(Detailed spoilers for the The Last of Us below. You have been warned.)
It’s been a while since I played The Last of Us but I still think about it often. Sure, the detailed world, fully-realised characters, art, and sound design are all worthy of reflection and praise. However, what keeps me thinking about my time with the The Last of Us is the uneasy feeling it left me with.
The ending is a stark reminder that you may be playing as Joel but you are not Joel.
As gamers we are used to finishing campaigns on a high. We have rescued the princess, saved the world, defeated our enemies and/or reached our goal. Even more introspective games like Journey or Spec Ops: The Line leave us with a sense of catharsis. For me The Last of Us was different. As far as the story was concerned I felt a sense of resolution, but emotionally I felt conflicted and unsure. I have not felt like that after finishing a campaign before and I love the game for it.
I think the reason why The Last of Us works so well is that the player isn’t allowed to make that final choice between saving Ellie and (potentially) saving humanity. The ending is a stark reminder that you may be playing as Joel but you are not Joel; you may be playing a game and expecting to have agency in the world, but you are playing through Naughty Dog's story, not your own. This may sound like a criticism but it’s actually a powerful approach.
This conflict between the interactive nature of the medium and the rigidity of the narrative form exists in all story-driven games. Most developers negate this conflict by presenting the player with protagonists worthy of empathy and projection; someone whose goals align with that of the player’s. As players, we want to progress, level up, explore, meet and pass the next test of our abilities. These driving forces often match up narratively to the protagonist’s goals.
Joel’s decisions and goals no longer aligned with my own.
Crystal Dynamics, for instance, designed its rebooted Lara to be more human, and thus someone that players would want to protect. The character's drive for self-preservation aligns with the player’s desire to help her survive and progress through the game. The genius of The Last of Us is that it initially presents Joel's journey in the same light – the player wants to protect Ellie and reach their goal.
As The Last of Us reaches its conclusion, however, this dynamic changes and the inherent conflict between interactivity and storytelling presents itself. Joel’s decisions and goals no longer aligned with my own. While some may have found Joel’s action to be justifiable, I did not. This spectrum of reactions to the ending of the game is further testament to the success of Naughty Dog’s storytelling.
Before reaching the Fireflies, Ellie confesses to Joel that she doesn’t want everything they have been through to be for nothing. Later, when discovering Ellie would have to die to save humanity it felt like a punch in the guts but I accepted it as a necessary evil which complied with her wishes. After she’s taken, however, Joel turns from hunted to hunter, a cold-blood killer ploughing through waves of ‘bad guys’ to get his surrogate daughter back. But of course it’s not Joel who is doing this; I am doing this – against my wishes. The combat was familiar but the context had changed.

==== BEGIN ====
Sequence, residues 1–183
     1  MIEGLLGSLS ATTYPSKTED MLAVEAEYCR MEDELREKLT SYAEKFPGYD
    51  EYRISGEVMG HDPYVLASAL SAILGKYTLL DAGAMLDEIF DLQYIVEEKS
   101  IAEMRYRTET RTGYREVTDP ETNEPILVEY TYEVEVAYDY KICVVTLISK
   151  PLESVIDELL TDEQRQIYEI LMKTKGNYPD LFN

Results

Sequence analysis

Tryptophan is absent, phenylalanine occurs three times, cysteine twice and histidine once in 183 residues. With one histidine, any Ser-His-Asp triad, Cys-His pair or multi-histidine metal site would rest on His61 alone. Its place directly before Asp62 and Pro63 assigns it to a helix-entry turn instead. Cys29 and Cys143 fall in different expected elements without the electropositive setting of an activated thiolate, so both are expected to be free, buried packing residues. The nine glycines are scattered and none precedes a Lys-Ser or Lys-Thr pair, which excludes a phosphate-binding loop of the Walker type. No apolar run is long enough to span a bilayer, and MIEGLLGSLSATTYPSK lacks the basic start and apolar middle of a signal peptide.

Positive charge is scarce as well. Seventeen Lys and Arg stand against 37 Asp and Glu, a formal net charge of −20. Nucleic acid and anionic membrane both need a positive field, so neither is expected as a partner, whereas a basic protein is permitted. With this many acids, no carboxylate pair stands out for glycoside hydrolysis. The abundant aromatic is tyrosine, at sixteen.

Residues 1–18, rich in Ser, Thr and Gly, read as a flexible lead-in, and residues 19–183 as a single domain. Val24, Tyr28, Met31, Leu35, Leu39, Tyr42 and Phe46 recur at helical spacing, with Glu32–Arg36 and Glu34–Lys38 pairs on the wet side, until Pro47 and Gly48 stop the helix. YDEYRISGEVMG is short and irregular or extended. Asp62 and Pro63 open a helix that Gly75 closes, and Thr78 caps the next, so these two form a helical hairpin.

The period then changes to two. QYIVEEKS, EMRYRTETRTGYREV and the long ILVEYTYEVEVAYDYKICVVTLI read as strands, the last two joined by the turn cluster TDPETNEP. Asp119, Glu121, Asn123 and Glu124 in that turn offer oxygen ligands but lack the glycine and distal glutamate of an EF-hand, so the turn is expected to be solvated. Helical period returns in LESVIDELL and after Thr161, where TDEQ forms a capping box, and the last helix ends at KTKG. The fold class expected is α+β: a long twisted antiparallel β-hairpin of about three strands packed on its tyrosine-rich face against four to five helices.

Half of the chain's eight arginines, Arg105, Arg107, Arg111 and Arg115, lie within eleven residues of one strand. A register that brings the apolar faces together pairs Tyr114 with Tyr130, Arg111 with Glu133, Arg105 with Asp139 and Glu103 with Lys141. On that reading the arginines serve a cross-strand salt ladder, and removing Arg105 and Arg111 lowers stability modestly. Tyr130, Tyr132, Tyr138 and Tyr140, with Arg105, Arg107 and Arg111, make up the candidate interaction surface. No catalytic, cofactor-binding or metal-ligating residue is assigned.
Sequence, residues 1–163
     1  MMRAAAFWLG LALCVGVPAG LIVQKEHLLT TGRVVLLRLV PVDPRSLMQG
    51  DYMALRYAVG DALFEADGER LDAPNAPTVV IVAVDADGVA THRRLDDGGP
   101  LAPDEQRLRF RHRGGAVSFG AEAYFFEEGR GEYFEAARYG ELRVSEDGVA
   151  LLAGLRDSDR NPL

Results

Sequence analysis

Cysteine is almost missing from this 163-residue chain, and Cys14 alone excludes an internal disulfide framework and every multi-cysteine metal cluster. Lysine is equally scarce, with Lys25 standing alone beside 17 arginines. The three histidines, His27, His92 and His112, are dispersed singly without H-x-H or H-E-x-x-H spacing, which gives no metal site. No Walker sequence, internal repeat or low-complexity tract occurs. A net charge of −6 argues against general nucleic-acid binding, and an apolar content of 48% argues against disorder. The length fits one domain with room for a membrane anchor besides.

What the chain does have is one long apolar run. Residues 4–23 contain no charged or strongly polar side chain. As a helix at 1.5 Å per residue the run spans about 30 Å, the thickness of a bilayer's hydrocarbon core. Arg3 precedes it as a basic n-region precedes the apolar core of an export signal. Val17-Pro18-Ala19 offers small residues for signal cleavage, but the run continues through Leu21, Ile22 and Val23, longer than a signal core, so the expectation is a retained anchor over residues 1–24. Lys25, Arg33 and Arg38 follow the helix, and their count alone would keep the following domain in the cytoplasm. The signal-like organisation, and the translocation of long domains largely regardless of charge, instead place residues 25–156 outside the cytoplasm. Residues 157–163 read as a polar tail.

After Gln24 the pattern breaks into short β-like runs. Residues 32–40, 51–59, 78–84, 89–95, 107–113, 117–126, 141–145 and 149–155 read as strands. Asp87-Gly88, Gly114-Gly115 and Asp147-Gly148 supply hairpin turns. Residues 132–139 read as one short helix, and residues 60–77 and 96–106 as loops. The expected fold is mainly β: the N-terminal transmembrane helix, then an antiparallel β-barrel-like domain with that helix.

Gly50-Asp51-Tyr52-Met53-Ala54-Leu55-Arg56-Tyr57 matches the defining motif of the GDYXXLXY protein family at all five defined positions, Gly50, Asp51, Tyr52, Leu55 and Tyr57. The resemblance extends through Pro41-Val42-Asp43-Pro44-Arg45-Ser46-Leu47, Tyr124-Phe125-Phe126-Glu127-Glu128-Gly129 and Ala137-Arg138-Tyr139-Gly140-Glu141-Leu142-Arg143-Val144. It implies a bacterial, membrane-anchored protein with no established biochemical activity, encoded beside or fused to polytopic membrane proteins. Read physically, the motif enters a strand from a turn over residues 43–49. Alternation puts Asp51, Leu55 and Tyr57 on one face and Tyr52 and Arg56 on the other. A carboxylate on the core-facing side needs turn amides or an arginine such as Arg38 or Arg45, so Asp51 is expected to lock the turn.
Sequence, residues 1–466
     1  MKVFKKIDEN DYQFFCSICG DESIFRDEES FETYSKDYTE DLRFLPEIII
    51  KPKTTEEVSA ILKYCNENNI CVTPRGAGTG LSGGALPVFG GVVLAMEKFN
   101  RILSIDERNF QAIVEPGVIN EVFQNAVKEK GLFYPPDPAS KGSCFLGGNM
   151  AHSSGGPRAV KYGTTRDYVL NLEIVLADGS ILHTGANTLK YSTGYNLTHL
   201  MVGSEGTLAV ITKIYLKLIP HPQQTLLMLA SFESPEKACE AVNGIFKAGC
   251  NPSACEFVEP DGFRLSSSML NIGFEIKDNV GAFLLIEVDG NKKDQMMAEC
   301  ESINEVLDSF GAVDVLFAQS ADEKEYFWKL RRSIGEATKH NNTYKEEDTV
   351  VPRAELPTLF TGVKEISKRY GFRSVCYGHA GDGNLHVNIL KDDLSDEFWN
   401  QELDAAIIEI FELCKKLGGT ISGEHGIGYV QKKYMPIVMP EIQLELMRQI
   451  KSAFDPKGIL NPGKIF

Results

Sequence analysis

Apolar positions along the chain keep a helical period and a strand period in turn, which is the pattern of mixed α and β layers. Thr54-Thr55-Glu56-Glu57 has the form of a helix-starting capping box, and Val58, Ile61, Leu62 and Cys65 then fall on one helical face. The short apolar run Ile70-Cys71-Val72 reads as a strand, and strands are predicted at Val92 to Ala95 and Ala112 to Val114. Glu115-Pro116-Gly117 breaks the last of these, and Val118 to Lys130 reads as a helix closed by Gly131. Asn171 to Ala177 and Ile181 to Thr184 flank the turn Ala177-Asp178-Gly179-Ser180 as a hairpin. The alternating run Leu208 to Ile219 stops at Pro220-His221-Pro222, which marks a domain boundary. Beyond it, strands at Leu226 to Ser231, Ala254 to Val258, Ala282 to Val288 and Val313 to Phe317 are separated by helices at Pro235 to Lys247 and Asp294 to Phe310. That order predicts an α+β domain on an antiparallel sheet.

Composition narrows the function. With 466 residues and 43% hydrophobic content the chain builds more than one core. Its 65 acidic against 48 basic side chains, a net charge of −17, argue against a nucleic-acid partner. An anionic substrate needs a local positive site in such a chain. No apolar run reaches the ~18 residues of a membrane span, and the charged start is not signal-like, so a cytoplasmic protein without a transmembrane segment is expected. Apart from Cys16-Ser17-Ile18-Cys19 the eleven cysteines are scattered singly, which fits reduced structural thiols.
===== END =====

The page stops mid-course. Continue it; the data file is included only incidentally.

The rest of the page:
The combat was familiar but the context had changed.
This inner turmoil came to a head when Joel found Ellie in the surgery surrounded by medical staff. I paused, not wanting to kill these innocent people. It took me a minute to realise that the game would not offer me any other way to progress. It was a brilliant, jarring moment and a subversive exploit of the conflict between interaction and linear storytelling.
In the epilogue, Joel’s refusal to tell Ellie the truth further pushed me away from the character I had spent 12-odd hours inhabiting. If a quick time event had popped-up allowing me to spill Joel’s guts to Ellie I would have pressed it – but at the same time I’m grateful I wasn’t given the choice. Interactivity would have cheapened the story Naughty Dog sought out to tell.
Games like Mass Effect seemingly represent the flipside of this conflict. Sure, you play as Shepard, but you play as your Shepard. In The Walking Dead you don’t play as Lee Everett, you play as your Lee Everett. The promise of these series’ is that you can play your character as virtuously or as dickishly as you’d like. Your choices will matter. The problem is that ultimately this freedom rings false. You may appear to have freedom but only within the bounds of where the developers lead the narrative. In the case of Mass Effect BioWare seemed hamstrung by its promise of player choice and the realities of telling a definite story. This lead to a finale that left many dissatisfied.
Naughty Dog appears to understand this dilemma; embracing it and twisting it to create a profound and exceptional ending to its ‘interactive’ story. As important as player choice is, in this case limiting that choice greatly amplified the impact of the story. Sometimes we don’t learn and grow because of the choices we have made. Sometimes the most powerful moments come from when we have no other choice.
Source : ign[dot]com